The Los Angeles Angels are one signing away from pulling off the Georgia hat trick.
The state was the talk of the June baseball draft after five Georgia high school players were selected in the first round, including three by the Angels. East Coweta pitcher Cameron Bedrosian and Marietta High outfielder Chevez Clarke, drafted No. 29 and 30 respectively, signed earlier this month for bonuses of around $1 million. The Angels are in negotiations with Cook third baseman Kaleb Cowart, the No. 18 pick, who reportedly is seeking $3 million.
It was like a West Coast invasion.
“You have to pay attention to Georgia,” said Eddie Bane, the Angels’ scouting director. “[Bedrosian] was asked by one of the L.A. reporters, ‘Are the Angels a big deal now in Georgia?’ I joked ‘I guess we weren’t before draft day, but we probably sold 15 hats in the first few days just to the families, so we’re a big deal now.’”
The draft wasn’t a laughing matter to the Braves, who appeared to be miffed by the outside interest. Despite one of the state’s best group of prospects in years, only one of the Braves’ 51 draft picks played for a Georgia high school — South Forsyth infielder Zach Alvord, who was taken in the 18th round. Tony DeMacio, the Braves’ first-year scouting director, pointed out to reporters that the Angels plucked three away before the Braves’ first pick at No. 35.
“That area is really well-known by the Braves, and they’ve taken about whomever they have wanted out of there,” Bane said. “I imagine [this year's draft results] lights a little fire under them.”
The Angels’ hefty investment in Georgia was one of the draft’s biggest surprises. The organization traditionally taps into the fertile talent base in southern California for future prospects. This year, however, the Angels went across the country for a Georgia lovefest.
“You would think that the Angels would go for southern California players or West Coast players,” Clarke said. “For them to come on the East Coast and get such a group of good players, it says something for the organization … and the state of Georgia.”
The Angels are satisfied with the trio, but drafting three Georgians wasn’t something they planned ahead of time. They weren’t sure how the first round would unfold. Bane says he didn’t notice the peachy trend until it was time to pick in the second round.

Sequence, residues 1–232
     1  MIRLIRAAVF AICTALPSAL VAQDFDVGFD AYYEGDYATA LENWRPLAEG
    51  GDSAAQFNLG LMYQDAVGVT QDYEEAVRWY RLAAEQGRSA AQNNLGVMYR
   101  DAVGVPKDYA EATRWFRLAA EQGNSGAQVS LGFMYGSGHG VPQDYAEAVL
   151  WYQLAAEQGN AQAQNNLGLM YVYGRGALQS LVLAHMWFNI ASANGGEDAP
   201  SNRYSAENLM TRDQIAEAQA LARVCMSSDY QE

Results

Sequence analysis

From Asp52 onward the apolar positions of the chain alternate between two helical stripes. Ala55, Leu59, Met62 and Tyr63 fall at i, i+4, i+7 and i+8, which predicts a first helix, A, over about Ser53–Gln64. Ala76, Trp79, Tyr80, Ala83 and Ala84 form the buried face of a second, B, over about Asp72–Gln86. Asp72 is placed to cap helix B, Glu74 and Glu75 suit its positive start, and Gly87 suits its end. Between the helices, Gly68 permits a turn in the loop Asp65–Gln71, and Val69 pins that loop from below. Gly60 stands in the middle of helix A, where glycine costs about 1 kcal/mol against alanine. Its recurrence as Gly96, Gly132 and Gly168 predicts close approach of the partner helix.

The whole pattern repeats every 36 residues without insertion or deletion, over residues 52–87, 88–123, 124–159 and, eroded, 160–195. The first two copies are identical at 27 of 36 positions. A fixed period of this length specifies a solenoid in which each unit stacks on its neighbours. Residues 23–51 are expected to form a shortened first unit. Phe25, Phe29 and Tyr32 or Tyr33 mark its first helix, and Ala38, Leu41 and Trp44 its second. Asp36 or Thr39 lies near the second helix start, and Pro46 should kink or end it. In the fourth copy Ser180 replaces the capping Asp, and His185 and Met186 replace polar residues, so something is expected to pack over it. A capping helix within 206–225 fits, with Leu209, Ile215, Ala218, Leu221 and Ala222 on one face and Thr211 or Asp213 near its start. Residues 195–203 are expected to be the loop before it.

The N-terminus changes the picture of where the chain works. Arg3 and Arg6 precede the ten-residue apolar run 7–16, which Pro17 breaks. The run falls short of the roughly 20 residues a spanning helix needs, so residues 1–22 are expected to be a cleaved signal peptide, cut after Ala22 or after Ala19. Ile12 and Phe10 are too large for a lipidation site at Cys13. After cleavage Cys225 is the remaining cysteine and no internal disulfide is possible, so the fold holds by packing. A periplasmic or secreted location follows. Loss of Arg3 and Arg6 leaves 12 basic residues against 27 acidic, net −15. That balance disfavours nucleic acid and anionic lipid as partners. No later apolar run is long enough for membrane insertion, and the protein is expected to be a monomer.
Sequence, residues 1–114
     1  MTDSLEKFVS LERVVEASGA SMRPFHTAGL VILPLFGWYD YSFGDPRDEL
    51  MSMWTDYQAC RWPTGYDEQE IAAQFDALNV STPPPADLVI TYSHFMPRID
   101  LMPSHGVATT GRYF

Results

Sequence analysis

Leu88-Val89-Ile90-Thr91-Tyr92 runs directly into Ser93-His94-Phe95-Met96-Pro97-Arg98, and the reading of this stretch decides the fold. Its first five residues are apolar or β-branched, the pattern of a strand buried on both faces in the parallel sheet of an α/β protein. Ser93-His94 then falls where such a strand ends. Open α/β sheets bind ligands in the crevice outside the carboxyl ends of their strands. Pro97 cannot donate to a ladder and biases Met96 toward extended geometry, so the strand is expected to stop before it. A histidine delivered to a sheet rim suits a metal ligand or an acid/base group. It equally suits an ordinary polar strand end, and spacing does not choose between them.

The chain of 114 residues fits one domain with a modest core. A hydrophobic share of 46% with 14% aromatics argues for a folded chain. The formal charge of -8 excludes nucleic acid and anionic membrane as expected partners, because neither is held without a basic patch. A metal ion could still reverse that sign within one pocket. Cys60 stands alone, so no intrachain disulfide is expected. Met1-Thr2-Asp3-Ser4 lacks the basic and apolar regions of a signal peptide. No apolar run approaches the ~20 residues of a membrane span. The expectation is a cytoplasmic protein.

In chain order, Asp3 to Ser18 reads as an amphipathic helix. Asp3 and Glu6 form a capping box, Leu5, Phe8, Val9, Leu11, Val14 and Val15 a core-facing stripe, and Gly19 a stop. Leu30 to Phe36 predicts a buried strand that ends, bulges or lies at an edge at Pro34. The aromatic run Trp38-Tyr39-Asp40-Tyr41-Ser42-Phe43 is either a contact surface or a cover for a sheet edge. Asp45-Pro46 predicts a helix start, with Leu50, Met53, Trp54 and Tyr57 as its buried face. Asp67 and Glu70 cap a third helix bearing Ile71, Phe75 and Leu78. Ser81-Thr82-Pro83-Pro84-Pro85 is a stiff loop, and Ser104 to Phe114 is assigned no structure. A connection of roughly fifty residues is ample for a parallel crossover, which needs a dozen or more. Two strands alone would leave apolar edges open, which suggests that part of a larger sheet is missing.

“During the draft, you get so immersed [with your strategy],” Bane said. “When it was our turn to draft, we simply took who we felt was the best talent available at that spot. At the end of the first round, it just ended up that all three were from Georgia.”
The picks show the influence of Chris McAlpin, a Moultrie resident and former baseball player at Colquitt County High. McAlpin has scouted Georgia and nearby states for the Angels since 2002, signing players such as former Redan High infielder P.J. Phillips, a second-round pick in the 2005 draft who plays in Class A for the Angels.
“I joked with Chris, ‘You better watch your back because [the other Angels scouts] didn’t get any players in the first round, and you got three,’” Bane said. “No, our staff was pretty good about it. We’ve been together for quite a while, and they know we’re going to pick the best guy.
“We lean on southern California a lot, but Georgia has gotten so much better over the years. And it keeps getting better.”
Bane ranks Georgia as one of the nation’s “prime areas” for high school talent, along with Florida, California and South Carolina. He says the Braves made baseball popular among the youth and that summer programs such as East Cobb have assisted the high schools in year-round player development.
Cowart and Clarke, along with Blessed Trinity outfielder Jake Skole (drafted No. 15 overall by the Texas Rangers), played at East Cobb.
“I wasn’t surprised that those kids went as high as they did … but I was surprised they all went to one team, especially a West Coast team,” said Kevin Baldwin, manager of the East Cobb Braves.
“However, the Angels obviously have some really good scouts in the area, and they respect their opinions. It’s great for Georgia high schools, and it’s great for those kids.”
For the Angels, it’s two down and one to go. They have until Aug. 16 to sign Cowart, who says he is torn between the Angels and playing baseball at Florida State.